Colloquium 2017 : Tsvi Kuflik, February 9th, 1:30 pm

1 February 2017

In the framework of H2020 European Project CrossCult next seminar which will take place at Loria from February 8th to 10th, Tsvi Kuflik (University of Haifa) will give a presentation entitled « Advanced Technology at the fingertips of museum visitors: The Museum as a living lab. The Hecht Museum’s Mobile Museum Visitors’ Guide” on February 9th at 1:30 pm in the Amphitheater.

Tsvi Kuflik is a senior researcher in ubiquitous user modeling applied to cultural heritage and a regular SPC member of the RecSys conference. He collaborates with the Kiwi and Orpailleur teams within the frame of the H2020 CrossCult European Project. The aim of this project is to propose recommendations to the visitors of museums to enhance their experience.

Abstract:

In the framework of the PIL project, which I have directed at the University of Haifa as part of a long lasting set of Israeli-Italian collaboration projects, a “Living Lab” has been developed – a museum visitors’ guide system was developed for the Hecht museum, located at the University of Haifa. The system was available for visitors on a daily basis for over three years and served (and continues to serve) also as a test bed for experimenting with novel technologies in the museum at the same time. The system is being used for research on Social Signal Processing, where we monitor signals transmitted by devices carried by the visitors that are used for modeling group behavior, in order to reason about the state of the group visit. At various points, the system may intervene and offer them various services in a non-intrusive manner, applying interrupt management techniques. Moreover, the use of a variety presentation devices and methods for individuals and groups in active environment is explored, including personal devices, large screens and mobile projectors.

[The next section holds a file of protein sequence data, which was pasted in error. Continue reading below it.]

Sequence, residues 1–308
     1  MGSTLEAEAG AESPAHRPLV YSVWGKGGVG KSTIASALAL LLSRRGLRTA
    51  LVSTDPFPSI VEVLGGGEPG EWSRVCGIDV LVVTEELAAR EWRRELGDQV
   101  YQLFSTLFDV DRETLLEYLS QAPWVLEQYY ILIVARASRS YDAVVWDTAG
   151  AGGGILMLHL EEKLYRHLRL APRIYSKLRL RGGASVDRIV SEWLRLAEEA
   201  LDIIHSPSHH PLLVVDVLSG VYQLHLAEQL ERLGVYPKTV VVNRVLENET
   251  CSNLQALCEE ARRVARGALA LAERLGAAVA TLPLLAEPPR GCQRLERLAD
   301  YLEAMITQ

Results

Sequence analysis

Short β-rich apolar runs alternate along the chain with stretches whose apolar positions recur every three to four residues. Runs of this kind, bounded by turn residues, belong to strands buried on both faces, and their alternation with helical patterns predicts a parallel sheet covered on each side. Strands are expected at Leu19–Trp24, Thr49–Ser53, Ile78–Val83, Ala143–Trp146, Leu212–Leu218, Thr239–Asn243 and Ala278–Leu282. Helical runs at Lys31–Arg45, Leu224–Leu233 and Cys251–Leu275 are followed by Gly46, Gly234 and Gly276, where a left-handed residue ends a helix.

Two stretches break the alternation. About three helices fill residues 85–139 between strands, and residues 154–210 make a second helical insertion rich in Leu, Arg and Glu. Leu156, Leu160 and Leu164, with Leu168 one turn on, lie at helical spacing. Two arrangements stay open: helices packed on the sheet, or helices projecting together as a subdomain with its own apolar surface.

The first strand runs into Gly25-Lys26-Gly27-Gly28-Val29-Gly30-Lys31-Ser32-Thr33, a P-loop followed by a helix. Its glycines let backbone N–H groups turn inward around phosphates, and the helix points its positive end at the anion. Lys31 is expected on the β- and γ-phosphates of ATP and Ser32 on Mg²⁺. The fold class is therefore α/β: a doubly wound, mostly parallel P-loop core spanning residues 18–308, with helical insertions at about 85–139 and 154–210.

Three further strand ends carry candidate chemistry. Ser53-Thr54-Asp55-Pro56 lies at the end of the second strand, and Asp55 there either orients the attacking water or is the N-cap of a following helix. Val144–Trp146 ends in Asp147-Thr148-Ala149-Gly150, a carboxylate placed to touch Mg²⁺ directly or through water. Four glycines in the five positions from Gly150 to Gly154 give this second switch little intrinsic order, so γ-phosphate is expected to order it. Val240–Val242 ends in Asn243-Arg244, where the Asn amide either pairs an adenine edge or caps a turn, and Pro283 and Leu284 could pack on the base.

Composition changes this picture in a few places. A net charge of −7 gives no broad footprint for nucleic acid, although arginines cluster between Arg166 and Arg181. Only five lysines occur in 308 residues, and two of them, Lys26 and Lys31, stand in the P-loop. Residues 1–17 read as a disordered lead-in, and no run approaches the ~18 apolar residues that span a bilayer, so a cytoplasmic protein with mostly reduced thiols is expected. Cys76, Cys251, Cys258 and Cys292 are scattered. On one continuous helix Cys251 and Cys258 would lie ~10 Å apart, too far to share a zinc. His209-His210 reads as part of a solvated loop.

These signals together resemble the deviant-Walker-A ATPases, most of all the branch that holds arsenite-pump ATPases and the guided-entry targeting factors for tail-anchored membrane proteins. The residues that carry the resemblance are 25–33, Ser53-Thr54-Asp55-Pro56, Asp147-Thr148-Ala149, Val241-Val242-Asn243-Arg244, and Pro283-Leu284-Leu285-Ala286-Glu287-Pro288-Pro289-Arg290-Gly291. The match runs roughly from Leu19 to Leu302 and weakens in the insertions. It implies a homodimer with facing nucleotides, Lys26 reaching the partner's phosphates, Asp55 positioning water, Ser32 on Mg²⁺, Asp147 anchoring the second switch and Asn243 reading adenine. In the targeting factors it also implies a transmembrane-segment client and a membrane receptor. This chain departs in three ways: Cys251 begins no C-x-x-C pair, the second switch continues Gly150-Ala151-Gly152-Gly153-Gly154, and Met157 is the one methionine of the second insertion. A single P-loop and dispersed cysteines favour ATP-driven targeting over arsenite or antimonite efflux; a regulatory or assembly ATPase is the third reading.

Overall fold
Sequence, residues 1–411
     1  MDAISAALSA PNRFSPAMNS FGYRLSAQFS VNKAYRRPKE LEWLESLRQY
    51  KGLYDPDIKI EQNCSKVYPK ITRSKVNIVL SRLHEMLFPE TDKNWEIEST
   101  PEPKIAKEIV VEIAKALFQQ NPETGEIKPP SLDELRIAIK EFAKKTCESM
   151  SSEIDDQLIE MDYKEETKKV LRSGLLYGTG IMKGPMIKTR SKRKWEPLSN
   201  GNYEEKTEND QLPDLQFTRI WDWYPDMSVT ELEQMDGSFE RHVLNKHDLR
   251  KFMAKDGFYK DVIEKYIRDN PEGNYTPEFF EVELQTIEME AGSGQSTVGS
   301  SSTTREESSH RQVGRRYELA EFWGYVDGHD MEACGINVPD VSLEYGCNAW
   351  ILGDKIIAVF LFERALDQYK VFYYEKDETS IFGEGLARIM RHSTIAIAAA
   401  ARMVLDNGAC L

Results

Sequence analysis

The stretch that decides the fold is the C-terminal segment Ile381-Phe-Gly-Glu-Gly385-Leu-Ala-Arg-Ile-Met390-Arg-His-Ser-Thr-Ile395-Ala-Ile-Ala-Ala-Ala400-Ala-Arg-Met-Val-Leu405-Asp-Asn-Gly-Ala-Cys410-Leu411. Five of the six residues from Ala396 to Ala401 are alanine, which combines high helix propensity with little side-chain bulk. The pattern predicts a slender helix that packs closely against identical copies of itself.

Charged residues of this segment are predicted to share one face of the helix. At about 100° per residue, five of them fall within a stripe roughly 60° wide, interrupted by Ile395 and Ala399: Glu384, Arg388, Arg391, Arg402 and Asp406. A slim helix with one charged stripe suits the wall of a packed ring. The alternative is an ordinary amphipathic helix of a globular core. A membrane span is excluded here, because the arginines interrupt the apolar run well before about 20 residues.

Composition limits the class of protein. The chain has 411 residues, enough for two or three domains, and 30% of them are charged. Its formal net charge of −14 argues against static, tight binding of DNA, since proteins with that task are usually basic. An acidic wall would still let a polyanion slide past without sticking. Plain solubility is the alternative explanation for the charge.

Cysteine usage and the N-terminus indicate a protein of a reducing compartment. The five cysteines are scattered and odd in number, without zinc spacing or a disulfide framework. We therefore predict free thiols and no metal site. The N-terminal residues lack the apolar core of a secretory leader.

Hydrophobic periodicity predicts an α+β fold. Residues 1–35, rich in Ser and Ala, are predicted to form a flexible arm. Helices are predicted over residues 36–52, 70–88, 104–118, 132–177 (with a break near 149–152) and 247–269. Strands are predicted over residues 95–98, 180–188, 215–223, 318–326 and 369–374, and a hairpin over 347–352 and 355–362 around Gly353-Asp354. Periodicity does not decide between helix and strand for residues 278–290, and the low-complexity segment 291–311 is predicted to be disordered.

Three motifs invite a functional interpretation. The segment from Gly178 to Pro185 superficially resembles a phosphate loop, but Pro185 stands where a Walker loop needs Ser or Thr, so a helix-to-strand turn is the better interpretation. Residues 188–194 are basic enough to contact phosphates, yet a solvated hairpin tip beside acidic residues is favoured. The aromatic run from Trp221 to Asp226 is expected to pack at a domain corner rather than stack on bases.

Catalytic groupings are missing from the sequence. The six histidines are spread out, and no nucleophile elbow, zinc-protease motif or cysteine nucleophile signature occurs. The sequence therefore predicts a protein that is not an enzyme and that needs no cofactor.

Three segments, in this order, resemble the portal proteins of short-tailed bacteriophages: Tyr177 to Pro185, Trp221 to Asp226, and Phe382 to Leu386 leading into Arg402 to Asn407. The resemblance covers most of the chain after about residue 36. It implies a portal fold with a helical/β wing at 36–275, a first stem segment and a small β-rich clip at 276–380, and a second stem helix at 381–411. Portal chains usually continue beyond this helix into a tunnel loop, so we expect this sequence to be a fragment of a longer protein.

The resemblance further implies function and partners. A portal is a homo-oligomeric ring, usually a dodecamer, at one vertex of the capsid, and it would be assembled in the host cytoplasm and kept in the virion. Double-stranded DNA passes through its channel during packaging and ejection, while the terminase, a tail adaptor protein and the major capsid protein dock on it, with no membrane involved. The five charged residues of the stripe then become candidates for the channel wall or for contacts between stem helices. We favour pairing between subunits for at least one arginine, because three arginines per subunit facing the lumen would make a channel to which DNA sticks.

Short c.v.

Prof. Tsvi Kuflik is the former head of the Information Systems Dept. at The University of Haifa. Over the past ten years, the focus of his work was on ubiquitous user modeling applied to cultural heritage. In the course of his work, a “Living Lab” has been developed at the University of Haifa – a museum visitors’ guide system was developed for the Hecht museum. It is available for visitors on a daily basis and serves also as a test bed for experimenting with novel technologies in the museum. Currently, the system is being used for research on Social Signal Processing where signals transmitted by devices carried by the visitors are used for modeling group behavior, in order to reason about the state of the group visit. Another research direction focusses on the use of intelligent user interfaces in ubiquitous computing within the “living lab”. Where issues like interaction with large, situated displays; interrupt management; navigation support; temporal and lifelong aspects of ubiquitous user modeling are studied. Tsvi got BSc. and MSc. In computer science and PhD. In information systems from Ben-Gurion University of the Negev, Israel. Over the years Tsvi collaborated with local and international researchers, supervised graduate students working with him on this research, organized the PATCH workshops series (Personal Access To Cultural Heritage) and published about 200 scientific papers, out of them 30 papers about this specific research. Tsvi is also a distinguished ACM scientist and a senior IEEE member.

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